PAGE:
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Healy, James (Jim) (1898–1961)

by Ray Markey and Stuart Svensen

This article was published in Australian Dictionary of Biography, Volume 14, (MUP), 1996

James Healy (1898-1961), by unknown photographer

James Healy (1898-1961), by unknown photographer

National Library of Australia, nla.pic-an24862734

James (Jim) Healy (1898-1961), trade unionist, was born on 22 March 1898 at West Gorton, Manchester, England, son of Dominic Healy, corporation labourer, and his wife Mary Ellen, née Schaill, a cotton-mill worker. Educated at the parish school of St Francis of Assisi, Gorton, Jim was influenced by his father's Irish republicanism and at age 8 began assisting electoral canvassers for the Labour Party. In 1915 he enlisted in the 8th Battalion, Argyll and Sutherland Highlanders. He was wounded in action on the Western Front and discharged medically unfit in 1918.

Finding regular employment scarce in England, Healy moved to Scotland where he initially worked as a plate-layer with the tramways. At St Cuthbert's Catholic Church, Edinburgh, on 19 July 1919 he married Elizabeth McGowan, a woollen weaver. They emigrated to Queensland with their three young sons in 1925. He found jobs as a fireman and boiler-attendant at the Mackay powerhouse, and from 1927 as a labourer on the town's wharves. In 1928 he was elected to the local committee of management of the Waterside Workers' Federation of Australia and was the union's delegate to the Mackay branch of the Australian Labor Party. Next year he was appointed to the trades and labor council at Mackay and began his first term as branch president of the W.W.F.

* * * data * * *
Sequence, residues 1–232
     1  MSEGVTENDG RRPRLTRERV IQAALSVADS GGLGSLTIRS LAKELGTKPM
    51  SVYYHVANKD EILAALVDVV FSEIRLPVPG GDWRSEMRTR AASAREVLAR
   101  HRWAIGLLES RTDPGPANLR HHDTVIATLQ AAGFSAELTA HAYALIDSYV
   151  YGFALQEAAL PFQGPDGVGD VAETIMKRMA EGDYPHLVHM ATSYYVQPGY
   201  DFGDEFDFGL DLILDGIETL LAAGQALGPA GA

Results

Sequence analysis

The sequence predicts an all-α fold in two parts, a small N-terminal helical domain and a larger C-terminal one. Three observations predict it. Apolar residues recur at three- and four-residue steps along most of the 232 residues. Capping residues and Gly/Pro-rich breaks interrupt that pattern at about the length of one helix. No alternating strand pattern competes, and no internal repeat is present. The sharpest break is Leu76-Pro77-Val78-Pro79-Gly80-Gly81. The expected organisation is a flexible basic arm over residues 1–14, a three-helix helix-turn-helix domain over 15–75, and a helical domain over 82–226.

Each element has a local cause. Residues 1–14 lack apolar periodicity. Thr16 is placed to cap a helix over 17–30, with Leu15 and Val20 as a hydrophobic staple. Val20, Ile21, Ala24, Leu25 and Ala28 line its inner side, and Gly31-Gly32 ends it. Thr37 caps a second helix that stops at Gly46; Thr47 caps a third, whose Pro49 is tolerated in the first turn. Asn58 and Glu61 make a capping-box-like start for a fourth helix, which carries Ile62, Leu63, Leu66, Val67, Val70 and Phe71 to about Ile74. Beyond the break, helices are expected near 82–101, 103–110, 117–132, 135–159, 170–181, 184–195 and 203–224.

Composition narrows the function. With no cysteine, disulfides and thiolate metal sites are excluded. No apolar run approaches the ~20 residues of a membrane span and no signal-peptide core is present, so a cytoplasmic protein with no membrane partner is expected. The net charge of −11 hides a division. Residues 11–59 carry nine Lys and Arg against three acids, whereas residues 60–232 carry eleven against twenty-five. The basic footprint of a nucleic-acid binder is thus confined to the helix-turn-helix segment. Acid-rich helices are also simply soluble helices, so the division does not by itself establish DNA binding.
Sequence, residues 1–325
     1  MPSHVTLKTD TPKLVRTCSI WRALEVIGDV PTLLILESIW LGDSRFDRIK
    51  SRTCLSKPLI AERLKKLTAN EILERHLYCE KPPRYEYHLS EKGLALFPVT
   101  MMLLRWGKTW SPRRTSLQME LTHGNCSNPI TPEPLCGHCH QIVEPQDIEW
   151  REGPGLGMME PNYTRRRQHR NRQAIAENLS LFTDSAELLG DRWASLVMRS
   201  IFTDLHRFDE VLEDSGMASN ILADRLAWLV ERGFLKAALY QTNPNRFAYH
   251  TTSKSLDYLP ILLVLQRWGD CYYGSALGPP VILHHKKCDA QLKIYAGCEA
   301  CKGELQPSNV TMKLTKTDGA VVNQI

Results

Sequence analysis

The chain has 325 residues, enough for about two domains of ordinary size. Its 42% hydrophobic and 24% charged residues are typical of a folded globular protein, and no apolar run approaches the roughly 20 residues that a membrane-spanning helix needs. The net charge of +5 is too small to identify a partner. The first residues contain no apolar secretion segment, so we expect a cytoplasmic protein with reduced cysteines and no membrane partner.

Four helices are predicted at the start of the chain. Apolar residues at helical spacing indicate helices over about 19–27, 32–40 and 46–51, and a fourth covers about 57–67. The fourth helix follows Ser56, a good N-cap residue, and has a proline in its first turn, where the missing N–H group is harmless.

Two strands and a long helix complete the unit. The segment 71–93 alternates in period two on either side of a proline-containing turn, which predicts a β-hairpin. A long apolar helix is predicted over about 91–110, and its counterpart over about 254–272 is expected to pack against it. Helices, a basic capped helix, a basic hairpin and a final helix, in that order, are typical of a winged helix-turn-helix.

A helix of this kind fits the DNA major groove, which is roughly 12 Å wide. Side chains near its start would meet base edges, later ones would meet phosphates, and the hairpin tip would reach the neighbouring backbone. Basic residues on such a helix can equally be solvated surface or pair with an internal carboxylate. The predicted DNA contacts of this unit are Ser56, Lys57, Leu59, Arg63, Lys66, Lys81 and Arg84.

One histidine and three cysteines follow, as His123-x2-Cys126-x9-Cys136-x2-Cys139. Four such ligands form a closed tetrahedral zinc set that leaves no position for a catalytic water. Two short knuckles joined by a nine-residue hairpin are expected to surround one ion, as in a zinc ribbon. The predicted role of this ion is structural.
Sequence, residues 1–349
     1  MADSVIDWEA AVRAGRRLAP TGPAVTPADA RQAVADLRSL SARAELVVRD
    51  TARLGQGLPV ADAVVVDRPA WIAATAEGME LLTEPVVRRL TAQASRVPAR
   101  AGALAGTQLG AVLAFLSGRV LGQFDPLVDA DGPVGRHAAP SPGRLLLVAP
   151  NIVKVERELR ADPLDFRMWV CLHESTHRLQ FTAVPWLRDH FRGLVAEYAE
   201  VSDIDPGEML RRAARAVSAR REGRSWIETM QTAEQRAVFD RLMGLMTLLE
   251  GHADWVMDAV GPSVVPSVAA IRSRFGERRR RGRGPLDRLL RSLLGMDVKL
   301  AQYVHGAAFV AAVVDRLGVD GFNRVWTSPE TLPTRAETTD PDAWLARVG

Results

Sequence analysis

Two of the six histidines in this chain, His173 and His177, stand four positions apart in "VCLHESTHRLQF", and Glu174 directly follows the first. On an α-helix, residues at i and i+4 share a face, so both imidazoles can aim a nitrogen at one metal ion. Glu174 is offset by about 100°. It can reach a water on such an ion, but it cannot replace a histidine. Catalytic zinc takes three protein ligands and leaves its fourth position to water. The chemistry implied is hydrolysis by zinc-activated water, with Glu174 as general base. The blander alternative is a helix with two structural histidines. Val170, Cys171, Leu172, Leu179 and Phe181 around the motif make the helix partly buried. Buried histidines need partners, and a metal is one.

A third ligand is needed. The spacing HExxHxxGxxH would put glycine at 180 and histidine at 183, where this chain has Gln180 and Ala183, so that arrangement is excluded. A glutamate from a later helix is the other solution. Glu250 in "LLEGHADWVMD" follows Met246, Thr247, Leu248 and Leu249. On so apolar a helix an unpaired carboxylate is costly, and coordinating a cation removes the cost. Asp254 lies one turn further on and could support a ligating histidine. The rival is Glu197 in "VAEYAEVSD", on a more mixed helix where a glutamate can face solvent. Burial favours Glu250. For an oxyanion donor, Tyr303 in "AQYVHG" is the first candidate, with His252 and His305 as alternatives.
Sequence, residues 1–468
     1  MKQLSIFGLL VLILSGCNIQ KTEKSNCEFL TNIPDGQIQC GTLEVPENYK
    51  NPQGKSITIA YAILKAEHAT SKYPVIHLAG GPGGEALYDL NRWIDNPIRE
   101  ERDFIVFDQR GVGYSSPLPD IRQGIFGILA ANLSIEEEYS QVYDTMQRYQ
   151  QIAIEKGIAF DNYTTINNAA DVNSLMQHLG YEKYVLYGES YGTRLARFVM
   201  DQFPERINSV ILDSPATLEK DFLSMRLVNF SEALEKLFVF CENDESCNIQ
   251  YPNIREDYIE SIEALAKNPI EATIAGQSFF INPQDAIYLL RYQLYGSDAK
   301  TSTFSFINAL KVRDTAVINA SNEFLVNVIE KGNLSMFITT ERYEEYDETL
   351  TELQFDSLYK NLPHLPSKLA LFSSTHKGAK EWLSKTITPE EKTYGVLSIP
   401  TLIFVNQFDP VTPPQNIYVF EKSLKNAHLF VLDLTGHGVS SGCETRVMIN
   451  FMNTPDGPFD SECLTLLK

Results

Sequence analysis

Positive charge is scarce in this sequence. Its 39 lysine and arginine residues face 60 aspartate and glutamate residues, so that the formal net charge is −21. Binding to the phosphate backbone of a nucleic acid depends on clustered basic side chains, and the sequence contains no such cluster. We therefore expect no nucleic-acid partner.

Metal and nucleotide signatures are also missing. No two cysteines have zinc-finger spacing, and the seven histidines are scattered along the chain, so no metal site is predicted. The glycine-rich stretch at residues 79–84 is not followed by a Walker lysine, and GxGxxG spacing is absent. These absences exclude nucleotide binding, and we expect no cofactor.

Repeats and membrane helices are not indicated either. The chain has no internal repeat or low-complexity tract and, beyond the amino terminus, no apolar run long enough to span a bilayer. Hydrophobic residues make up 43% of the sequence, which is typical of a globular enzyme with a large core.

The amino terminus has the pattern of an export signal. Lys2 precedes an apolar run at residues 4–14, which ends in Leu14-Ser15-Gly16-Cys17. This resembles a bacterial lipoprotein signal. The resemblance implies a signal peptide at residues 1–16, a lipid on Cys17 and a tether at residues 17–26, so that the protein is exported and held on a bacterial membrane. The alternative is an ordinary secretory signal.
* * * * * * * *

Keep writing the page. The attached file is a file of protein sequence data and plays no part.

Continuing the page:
Healy became disillusioned with the A.L.P. after witnessing the Queensland Labor government's inability to aid the plight of the unemployed in the Depression. A union-sponsored study trip to the Soviet Union in 1934 reinforced his growing belief that the communists best represented the interests of workers. He and Ben Scott wrote a pamphlet about their experiences, Red Cargo (Sydney, 1934), and Healy joined the Communist Party of Australia, remaining a staunch member for the rest of his life.

Working conditions and pay for wharf labourers were poor in the 1930s and the men were divided between two unions, the W.W.F. and the Permanent and Casual Wharf Labourers' Union of Australia. Strikes in 1917 and 1928 had weakened the W.W.F. and there was an influx of non-union labour during the Depression. Healy realized that change was necessary at a national level. He moved to Sydney about 1936 and at the union's all-ports conference in October 1937 was elected general secretary of the W.W.F. In 1939 he transferred its head office from Melbourne to Sydney. Starting with no money, little assets and few prospects, he began to turn the federation into a modern, effective union. He had obtained approval at the 1937 conference for a national policy to be adhered to by all branches and for the establishment of a national journal, the Maritime Worker, of which he became editor.

In 1937-38 Healy led public campaigns in support of the Sydney waterside workers' bans against loading scrap metal for Japan and by the Port Kembla men against loading pig-iron destined for the same country. The federation was able to strengthen its position during World War II due to the increased demand for wharf labour and the need to expedite the shipment of war materials. A member (1942-49) of the Stevedoring Industry Commission, Healy secured substantial pay rises for his unionists and the replacement of the 'bull' system (in which overseers selected workers like cattle) by rotating gangs. In return, the W.W.F. executive encouraged the men to put maximum effort into loading and unloading military supplies. Healy again demonstrated his commitment to broader political issues by leading the boycott (1945-49) on Dutch ships carrying goods which could be used to crush the Indonesian independence movement.